Tax scammers use the IRS name and logo to make themselves appear legitimate to taxpayers. In a recent tax scam, fraudsters pretend to be the IRS and send unsolicited emails to foreign financial institutions (FFIs) to extract clients’ private information. Scammers are exploiting the new rule that requires FFIs to report their U.S. clients’ financial...

Tax Scams – Using the IRS for Scamming

Tax scammers use the IRS name and logo to make themselves appear legitimate to taxpayers. In a recent tax scam, fraudsters pretend to be the IRS and send unsolicited emails to foreign financial institutions (FFIs) to extract clients’ private information. Scammers are exploiting the new rule that requires FFIs to report their U.S. clients’ financial activity to the IRS. They use this rule to coerce FFIs to share sensitive information with them, which they then use to conduct identity theft and financial crimes.

Scammers usually focus on individuals, rather than financial institutions. The elderly and immigrants are often frequent targets for scammers.  They’ve been known to use the IRS logo, names and even copy signatures. Fraudsters duplicate the design and look of an IRS web page to elicit private information such as a taxpayer’s Social Security Number, name and date of birth, and his or her filing status. After collecting this information, they’re free to carry out identity theft and other crimes.

In another recent IRS phone scam, fraudsters pretend to be IRS agents. They threaten taxpayers with imprisonment or severe penalties if they do not transfer money immediately.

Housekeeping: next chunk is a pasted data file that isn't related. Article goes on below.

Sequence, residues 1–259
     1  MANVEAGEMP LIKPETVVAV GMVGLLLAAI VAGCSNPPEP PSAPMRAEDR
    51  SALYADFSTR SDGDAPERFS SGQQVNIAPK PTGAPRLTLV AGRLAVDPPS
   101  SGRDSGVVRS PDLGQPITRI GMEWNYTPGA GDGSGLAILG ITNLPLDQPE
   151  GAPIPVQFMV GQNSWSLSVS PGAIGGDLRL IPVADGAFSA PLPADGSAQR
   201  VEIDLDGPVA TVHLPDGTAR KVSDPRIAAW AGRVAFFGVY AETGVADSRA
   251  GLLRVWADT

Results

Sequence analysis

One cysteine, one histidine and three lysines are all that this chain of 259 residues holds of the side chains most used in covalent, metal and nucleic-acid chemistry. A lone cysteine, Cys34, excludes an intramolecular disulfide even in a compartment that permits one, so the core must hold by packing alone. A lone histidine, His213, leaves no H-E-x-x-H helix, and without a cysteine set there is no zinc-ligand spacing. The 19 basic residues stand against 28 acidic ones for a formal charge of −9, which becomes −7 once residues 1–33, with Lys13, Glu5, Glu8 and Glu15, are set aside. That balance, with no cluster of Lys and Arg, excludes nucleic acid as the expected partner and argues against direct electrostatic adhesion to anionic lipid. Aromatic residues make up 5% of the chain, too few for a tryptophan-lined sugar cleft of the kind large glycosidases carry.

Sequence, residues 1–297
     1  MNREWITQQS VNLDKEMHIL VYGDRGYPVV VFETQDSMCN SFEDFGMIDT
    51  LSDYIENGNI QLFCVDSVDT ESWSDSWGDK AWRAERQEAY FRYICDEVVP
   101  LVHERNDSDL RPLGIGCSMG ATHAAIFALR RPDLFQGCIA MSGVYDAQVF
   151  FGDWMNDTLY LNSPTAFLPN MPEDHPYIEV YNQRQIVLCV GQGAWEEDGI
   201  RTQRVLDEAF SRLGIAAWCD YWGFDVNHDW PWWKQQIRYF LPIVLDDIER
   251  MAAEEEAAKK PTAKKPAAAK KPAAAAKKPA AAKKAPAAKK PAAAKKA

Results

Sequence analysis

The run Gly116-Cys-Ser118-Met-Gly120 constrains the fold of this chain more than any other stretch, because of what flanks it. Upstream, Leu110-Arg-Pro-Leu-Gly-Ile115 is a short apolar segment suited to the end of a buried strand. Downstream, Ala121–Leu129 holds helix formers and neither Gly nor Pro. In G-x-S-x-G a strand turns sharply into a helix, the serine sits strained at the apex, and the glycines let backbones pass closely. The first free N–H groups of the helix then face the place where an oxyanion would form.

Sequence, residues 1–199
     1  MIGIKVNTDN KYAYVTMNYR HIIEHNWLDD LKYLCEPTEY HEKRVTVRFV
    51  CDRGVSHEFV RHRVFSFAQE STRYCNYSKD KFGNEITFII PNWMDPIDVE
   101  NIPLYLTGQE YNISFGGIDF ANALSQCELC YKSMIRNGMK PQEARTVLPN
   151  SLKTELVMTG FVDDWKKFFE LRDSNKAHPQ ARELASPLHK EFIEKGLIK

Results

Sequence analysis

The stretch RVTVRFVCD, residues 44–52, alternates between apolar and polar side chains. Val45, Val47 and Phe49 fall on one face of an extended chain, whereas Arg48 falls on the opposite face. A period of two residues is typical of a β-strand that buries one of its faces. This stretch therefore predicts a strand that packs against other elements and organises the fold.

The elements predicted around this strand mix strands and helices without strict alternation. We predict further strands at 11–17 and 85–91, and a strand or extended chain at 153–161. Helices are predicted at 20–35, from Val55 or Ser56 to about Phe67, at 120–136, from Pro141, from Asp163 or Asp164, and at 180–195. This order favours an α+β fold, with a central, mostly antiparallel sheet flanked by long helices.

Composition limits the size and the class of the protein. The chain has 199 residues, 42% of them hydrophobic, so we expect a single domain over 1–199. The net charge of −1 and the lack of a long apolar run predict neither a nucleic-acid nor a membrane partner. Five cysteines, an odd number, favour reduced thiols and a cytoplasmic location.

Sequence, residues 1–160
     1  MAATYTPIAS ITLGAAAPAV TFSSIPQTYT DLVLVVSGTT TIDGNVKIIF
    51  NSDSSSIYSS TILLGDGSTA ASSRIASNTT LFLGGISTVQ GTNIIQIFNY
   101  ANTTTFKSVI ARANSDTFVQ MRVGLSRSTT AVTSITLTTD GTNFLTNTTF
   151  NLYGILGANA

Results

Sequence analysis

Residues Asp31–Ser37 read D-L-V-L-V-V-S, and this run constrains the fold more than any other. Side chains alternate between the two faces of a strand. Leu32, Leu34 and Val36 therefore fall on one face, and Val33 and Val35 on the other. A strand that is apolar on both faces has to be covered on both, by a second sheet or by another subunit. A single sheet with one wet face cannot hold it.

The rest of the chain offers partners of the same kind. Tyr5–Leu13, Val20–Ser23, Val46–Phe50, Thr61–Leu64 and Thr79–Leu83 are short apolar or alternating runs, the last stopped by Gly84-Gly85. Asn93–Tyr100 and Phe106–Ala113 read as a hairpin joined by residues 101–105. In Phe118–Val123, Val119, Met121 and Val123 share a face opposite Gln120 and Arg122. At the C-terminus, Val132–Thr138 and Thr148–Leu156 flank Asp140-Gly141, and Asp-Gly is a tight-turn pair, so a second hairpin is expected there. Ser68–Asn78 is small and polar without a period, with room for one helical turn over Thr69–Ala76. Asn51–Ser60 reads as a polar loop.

Thousands of taxpayers have fallen victim to these scams, losing millions of dollars. In order to avoid falling victim to fraud attempts, taxpayers should stay current on the latest scams and report unsolicited calls or suspicious messages.

Tax Scams – Using the IRS for Scamming

Tax scammers use the IRS name and logo to make themselves appear legitimate to taxpayers. In a recent tax scam, fraudsters pretend to be the IRS and send unsolicited emails to foreign financial institutions (FFIs) to extract clients’ private information. Scammers are exploiting the new rule that requires FFIs to report their U.S. clients’ financial...

Tax Scams – Using the IRS for Scamming

Tax scammers use the IRS name and logo to make themselves appear legitimate to taxpayers. In a recent tax scam, fraudsters pretend to be the IRS and send unsolicited emails to foreign financial institutions (FFIs) to extract clients’ private information. Scammers are exploiting the new rule that requires FFIs to report their U.S. clients’ financial activity to the IRS. They use this rule to coerce FFIs to share sensitive information with them, which they then use to conduct identity theft and financial crimes.

Scammers usually focus on individuals, rather than financial institutions. The elderly and immigrants are often frequent targets for scammers.  They’ve been known to use the IRS logo, names and even copy signatures. Fraudsters duplicate the design and look of an IRS web page to elicit private information such as a taxpayer’s Social Security Number, name and date of birth, and his or her filing status. After collecting this information, they’re free to carry out identity theft and other crimes.

In another recent IRS phone scam, fraudsters pretend to be IRS agents. They threaten taxpayers with imprisonment or severe penalties if they do not transfer money immediately.